I am reading the paper Convolutional Sequence to Sequence Learning by Facebook AI researchers and having trouble to understand how the dimensions of convolutional filters work here. Please take a look at the relevant part of the paper below.

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Let's say the input to the kernel X is k*d (say k=5 words of d=300 embedding dimenisonality). Therefore the input is 5*300. In a computer vision task a kernel would slide over parts of the image, in NLP you usually see kernel taking up the whole width of the input matrix. So I would expect kernel to be m*d (e.g. 3*300 - slide over 3 words and look at their whole embeddiings).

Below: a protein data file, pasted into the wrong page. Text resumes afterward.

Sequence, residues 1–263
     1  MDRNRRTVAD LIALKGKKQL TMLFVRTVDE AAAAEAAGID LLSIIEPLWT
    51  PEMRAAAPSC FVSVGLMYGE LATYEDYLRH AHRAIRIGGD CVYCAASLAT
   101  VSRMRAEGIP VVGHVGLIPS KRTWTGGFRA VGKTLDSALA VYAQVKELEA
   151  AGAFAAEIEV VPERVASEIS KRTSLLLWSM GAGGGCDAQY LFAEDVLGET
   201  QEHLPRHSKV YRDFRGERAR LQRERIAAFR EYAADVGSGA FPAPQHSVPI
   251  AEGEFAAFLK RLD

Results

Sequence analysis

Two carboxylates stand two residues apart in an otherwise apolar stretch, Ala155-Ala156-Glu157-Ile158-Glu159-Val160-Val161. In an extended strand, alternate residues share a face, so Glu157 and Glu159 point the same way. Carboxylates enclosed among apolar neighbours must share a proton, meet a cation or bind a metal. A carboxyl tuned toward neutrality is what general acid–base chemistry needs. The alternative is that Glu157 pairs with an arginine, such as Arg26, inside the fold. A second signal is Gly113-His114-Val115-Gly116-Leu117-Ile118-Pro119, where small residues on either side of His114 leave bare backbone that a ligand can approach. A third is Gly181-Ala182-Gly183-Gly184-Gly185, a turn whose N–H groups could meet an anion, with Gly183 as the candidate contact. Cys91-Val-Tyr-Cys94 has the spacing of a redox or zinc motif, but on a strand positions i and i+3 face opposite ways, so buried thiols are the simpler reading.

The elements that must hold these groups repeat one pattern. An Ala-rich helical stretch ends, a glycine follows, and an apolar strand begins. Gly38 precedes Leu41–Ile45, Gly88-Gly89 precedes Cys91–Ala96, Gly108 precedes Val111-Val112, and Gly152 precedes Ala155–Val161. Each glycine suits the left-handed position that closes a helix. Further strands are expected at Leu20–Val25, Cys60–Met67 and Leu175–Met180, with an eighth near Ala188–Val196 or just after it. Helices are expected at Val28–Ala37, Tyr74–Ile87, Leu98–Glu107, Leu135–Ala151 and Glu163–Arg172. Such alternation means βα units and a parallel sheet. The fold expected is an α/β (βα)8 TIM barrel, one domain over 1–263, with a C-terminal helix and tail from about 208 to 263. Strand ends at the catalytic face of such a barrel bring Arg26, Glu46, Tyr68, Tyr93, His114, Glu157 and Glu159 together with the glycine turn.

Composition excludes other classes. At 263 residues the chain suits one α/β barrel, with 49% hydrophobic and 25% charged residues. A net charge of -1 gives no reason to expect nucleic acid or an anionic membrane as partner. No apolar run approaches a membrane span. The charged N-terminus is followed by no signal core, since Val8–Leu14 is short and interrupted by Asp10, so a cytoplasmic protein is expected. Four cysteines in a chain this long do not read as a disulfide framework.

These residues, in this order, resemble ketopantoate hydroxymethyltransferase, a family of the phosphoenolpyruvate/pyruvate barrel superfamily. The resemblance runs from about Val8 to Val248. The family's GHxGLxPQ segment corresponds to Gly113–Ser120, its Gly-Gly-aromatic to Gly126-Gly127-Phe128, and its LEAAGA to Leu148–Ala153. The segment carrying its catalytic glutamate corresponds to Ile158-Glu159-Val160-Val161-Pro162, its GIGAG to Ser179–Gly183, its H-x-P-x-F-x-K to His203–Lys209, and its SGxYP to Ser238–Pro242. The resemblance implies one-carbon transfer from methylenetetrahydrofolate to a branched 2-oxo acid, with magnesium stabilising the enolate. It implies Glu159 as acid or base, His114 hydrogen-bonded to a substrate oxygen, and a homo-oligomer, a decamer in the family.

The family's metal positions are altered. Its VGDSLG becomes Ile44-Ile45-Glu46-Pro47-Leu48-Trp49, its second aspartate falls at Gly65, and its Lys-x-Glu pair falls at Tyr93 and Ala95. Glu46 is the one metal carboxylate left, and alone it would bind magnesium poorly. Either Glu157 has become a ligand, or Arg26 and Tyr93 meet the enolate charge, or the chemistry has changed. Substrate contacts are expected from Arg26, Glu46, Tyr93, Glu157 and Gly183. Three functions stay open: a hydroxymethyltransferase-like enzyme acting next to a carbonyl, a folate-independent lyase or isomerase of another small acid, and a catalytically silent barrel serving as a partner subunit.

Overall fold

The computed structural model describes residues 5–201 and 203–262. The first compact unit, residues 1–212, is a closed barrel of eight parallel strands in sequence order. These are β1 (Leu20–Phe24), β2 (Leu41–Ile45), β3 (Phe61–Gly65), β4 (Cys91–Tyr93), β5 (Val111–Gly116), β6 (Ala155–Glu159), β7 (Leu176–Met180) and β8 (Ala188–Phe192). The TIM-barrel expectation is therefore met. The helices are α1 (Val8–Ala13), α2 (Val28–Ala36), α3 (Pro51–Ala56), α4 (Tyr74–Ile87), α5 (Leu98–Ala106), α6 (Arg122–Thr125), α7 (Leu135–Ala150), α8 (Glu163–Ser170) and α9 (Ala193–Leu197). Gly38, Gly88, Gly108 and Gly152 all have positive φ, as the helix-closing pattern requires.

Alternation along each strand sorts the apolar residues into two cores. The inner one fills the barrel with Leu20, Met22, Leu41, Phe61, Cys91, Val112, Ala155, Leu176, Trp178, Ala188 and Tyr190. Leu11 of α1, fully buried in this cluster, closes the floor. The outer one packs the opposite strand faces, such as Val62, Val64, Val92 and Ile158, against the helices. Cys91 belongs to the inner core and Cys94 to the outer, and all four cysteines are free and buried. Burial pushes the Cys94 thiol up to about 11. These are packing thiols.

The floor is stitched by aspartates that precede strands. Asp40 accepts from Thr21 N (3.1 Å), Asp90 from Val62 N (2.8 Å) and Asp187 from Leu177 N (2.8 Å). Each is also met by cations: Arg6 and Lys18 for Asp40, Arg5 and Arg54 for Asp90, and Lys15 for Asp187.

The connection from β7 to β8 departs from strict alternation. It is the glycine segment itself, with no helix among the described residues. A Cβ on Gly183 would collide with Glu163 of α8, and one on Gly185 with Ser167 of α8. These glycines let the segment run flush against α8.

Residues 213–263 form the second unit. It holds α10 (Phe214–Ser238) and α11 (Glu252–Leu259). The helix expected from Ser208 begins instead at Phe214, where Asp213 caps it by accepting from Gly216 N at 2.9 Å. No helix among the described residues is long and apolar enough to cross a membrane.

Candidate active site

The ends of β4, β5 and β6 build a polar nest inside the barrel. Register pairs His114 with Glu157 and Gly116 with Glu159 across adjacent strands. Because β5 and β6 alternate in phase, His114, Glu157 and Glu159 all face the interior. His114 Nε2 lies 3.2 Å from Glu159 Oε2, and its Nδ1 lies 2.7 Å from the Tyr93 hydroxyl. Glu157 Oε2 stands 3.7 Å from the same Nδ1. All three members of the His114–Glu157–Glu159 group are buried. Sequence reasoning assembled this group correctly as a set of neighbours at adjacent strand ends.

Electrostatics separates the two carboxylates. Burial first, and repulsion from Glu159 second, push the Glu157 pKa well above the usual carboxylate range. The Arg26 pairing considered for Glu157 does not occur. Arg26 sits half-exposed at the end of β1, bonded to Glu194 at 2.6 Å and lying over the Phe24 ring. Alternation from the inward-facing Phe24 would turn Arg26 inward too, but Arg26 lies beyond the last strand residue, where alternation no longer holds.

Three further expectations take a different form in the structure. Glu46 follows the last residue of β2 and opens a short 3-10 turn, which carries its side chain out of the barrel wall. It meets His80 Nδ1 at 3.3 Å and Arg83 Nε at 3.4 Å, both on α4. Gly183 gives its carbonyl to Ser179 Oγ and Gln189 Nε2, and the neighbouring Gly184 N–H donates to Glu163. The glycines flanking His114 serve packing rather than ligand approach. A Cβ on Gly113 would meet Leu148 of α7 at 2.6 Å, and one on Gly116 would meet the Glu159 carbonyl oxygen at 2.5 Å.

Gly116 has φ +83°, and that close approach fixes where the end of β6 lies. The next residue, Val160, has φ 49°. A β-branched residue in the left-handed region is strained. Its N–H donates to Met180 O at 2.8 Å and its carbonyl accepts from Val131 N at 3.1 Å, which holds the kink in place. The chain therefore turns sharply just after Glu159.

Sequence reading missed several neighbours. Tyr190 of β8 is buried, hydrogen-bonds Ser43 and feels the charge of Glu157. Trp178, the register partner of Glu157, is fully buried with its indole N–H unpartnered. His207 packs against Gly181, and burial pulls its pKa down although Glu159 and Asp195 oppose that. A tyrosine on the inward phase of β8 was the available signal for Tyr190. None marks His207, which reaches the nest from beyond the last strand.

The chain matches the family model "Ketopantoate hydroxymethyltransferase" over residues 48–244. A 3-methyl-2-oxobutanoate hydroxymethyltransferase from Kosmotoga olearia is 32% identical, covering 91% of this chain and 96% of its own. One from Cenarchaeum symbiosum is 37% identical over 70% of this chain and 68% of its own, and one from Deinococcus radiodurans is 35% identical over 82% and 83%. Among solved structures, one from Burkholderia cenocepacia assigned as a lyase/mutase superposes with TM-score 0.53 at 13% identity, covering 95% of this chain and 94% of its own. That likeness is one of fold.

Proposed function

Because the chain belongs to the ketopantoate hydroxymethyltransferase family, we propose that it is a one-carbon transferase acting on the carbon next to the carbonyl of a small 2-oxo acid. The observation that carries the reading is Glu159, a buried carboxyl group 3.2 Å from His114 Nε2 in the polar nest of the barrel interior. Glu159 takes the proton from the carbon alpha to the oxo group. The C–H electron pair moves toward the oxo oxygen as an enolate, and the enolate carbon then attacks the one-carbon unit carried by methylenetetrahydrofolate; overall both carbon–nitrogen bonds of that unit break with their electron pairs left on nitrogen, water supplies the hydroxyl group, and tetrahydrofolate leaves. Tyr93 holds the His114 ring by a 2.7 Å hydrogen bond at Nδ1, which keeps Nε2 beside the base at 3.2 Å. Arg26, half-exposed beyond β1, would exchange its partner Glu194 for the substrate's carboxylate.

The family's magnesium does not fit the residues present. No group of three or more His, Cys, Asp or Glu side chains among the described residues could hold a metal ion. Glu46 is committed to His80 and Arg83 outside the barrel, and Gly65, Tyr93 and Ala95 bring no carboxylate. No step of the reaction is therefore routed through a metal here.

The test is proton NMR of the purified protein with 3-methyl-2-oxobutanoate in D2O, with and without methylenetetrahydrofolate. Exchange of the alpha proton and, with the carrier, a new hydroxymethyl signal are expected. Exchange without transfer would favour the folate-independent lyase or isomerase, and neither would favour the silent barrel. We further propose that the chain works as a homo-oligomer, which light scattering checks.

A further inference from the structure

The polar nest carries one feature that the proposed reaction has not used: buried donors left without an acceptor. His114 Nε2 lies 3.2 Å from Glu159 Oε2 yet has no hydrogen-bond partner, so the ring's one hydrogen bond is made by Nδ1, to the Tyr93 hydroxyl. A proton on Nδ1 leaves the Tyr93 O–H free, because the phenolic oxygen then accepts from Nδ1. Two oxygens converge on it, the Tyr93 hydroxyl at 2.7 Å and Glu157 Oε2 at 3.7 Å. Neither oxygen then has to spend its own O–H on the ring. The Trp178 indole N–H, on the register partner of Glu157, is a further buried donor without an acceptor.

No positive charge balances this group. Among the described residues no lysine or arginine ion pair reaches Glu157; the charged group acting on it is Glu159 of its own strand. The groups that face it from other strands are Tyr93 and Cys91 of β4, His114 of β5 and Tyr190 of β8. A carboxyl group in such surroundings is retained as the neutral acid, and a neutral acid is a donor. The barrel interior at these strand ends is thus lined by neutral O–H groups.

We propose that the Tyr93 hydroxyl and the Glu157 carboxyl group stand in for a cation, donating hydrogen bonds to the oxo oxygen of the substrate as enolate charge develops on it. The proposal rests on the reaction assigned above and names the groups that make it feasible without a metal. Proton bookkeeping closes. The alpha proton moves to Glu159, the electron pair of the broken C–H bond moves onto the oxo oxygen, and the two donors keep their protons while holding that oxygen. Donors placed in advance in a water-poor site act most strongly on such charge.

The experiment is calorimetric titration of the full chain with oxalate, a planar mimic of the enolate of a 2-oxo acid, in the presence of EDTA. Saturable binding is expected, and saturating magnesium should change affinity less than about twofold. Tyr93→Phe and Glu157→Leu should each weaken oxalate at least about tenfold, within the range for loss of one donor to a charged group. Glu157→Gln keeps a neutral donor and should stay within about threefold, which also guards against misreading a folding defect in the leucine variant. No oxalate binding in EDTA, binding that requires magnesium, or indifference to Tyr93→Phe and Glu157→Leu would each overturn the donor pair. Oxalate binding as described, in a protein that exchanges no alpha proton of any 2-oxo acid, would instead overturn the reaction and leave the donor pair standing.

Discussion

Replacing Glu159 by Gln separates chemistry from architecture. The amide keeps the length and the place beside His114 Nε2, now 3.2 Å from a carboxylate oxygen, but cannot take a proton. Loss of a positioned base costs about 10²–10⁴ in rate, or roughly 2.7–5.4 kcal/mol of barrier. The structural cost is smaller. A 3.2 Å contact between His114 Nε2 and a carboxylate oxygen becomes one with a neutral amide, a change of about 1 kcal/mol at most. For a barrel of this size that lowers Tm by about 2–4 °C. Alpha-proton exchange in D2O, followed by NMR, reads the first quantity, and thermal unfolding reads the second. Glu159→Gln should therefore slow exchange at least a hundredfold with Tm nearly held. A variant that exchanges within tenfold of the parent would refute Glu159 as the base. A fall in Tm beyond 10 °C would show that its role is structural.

However, the kernel here is of dimensionality 2d x kd which in our hypothetical example would be 600*1500. I don't understand how this massive kernel would slide over an input that is by far lower dimensional (5*300). In computer vision you could zero-pad the input, but here zero-padding would basically turn the input matrix into mostly zeros with only a handful of meaningful numbers.

Thanks for shedding some light on it!


They are doing a matrix multiplication: consider $y = Ax, y \in \mathbb{R}^m, x \in \mathbb{R}^n, A \in M_\mathbb{R}(m,n)$. In the paper $x$ is a concatenation of $k$ elements of $\mathbb{R}^d$, so $x$ is long $kd$; $y$ is long $2d$.


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